News and Events

Keep up to date with the latest news and events of Modular Bikes.

Saturday, July 4, 2020

South of the Murray Audax 100

Simon, Ian, Peter, Cobram pub

3 Gents and their bikes, Cobram Colonial Motel

Richard who rode with me on the Murray tour with and ride organiser Rodney at the start

Rodney announces the ride instructions

3 Amigos, Peter, Ian, Simon, coming in to Katunga and...

in Katunga.

Curious cows outside Katunga where I stopped to fix a puncture.

A stop for food and to peel off clothing where I..

picked up the sign on left which had been lying in the field.

This was a nice stretch, a bit of sun, tailwind and the tyre was holding up.

Nice roadside display.

End of the Paddy melon season, these were just rotting by the side of the road. They were fresher but still useless on the Murray tour.

Done!  Peter Matthews arrived a few minutes after me and signed my Brevet card.

The white trike sidepanel is "My impressions of the South of the Murray Audax ride", by Fred Bike. Facilitator Stephen Nurse. Back wheel mud and chocolate milk dribbles on white corflute.


A few times I've been up to Cobram to complete some of Rodney Cruz's Audax rides. The terrain is flat for many kilometres around. As well, the Murray tour rides I've been on have passed through Katatamatite in the area, so I know the area and rides reasonably well. So when Simon Watt posted that he was doing  one of the Cobram  rides, I booked up the time to go away and signed up on the Audax website and at the Motel where Simon and his mates were staying.  As well I rang my Dad's cousin Mary who lives just over the border in New South Wales and organised to visit her and her husband Geoff.

The South of the Murray ride was on a Saturday, and I drove up to Cobram on the Friday, checked in to the motel, then drove across the border to Barooga and a few k's out of town to visit Geoff and Mary. That trip went well, and by the time I was back in Cobram, Ian and Peter had arrived, and it was soon time for our booked pub dinner. That went well too, despite a lost (Corona-virus compulsory) booking which was soon sorted out.

Next day it was cold and clear, and about 17 of us gathered at Mivo Park, and Rodney read out the ride descriptions, a 100k ride going into NSW, a 106k staying in Victoria, and a 206k combining both. I was on the 106k ride, all I really wanted to cope with on a short Winter's day.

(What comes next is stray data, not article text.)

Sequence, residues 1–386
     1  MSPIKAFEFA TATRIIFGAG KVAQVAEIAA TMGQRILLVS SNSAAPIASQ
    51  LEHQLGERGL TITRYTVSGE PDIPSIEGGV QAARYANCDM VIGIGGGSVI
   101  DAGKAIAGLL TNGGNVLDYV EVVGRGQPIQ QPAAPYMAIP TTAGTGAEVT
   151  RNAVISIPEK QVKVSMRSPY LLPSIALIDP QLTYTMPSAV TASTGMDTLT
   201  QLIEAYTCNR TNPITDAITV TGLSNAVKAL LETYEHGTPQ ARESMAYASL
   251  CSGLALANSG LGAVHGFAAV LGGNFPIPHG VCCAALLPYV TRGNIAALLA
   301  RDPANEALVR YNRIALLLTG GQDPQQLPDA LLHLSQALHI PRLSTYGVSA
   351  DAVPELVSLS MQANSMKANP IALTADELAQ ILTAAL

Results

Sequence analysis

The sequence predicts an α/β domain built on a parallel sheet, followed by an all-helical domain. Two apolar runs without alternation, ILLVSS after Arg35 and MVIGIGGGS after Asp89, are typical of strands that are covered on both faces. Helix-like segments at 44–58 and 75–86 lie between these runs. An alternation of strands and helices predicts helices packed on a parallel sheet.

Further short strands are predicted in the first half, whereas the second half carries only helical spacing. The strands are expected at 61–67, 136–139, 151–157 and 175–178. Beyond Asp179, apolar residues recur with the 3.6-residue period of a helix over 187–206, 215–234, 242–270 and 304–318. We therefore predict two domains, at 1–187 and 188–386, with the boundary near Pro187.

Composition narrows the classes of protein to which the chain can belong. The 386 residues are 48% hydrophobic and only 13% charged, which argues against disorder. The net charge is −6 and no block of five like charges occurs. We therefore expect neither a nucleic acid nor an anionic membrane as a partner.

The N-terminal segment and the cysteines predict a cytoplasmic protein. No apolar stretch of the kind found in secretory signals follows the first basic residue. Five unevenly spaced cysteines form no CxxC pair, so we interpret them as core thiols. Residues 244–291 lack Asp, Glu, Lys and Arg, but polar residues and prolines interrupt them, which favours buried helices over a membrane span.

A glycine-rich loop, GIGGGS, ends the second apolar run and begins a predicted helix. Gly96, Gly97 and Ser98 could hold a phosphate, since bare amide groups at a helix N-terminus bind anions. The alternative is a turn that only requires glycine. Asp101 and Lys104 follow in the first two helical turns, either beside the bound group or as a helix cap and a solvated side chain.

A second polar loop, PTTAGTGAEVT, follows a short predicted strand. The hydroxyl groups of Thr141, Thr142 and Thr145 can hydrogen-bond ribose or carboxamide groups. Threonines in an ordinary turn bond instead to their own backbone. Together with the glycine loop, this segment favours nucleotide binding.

After riding for a bit with Simon, Peter and Ian, I realised I was slowing so checked my front tyre and sure enough it was going down. On stopping to fix it a herd of cows gathered around me but by the time I'd finished most of them had ambled away as I was old news.

Everybody had passed me when my puncture was fixed. Simon texted me at Namurkah where he was lunching with Pete and Ian, but I passed on lunch and rode through, a bit concerned about the flat tyre fix and able to carry on with the food and drink I had onboard. And I was right about being worried, by Katamatite the tyre was down again. But I had a pump which could push air in to the tyre fairly quickly and I rode on, pumping up the front tyre every few k's but still managing to finish with 40 minutes to spare before the ride time limit. Now (Monday) I think I have finally fixed the tyre. By noting where the latest (3rd) puncture is, I managed to find and remove a tiny sliver of glass from the tyre.

Later on Saturday, I heard about increased Corona virus cases and lockdowns in Melbourne, and within 2 days, the escalating number of cases meant the border between New South Wales and Victoria was due to close. People like Mary and Geoff will be stuck over the border and unable to go to their nearby big town, Cobram, and some or all of Rodney's rides would have been cancelled.

Hopefully the whole Corona virus thing will be over soon but I don't think so!


Steve Nurse

Sunday, June 28, 2020

Fixing for Wecycle

Nice Australian designed Apollo with a few interesting parts,

Bartender bar grips and

Prowheel crank.

No cables on the downtube, this is all very neat.

Shortening the seatpost on this

Shogun Metro, the main feature of this bike was the

pentagonal wheel skewer and seatpost bolts.

I swapped out the old rusty steel handlebar for this one whch happened to be a Shogun as well.


A couple of bikes which have passed through my hands for Wecycle, and here are a few pics. I managed to remove the pentagonal allen key bolts on the Shogun, without the pentagonal allen key, not that hard if you apply your mind to it.